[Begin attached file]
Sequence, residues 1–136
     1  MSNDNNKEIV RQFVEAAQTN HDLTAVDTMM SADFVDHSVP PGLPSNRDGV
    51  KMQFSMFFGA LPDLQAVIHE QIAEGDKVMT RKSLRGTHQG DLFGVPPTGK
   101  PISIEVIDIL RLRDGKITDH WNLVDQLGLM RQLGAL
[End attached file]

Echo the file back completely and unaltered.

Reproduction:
Sequence, residues 1–136
     1  MSNDNNKEIV RQFVEAAQTN HDLTAVDTMM SADFVDHSVP PGLPSNRDGV
    51  KMQFSMFFGA LPDLQAVIHE QIAEGDKVMT RKSLRGTHQG DLFGVPPTGK
   101  PISIEVIDIL RLRDGKITDH WNLVDQLGLM RQLGAL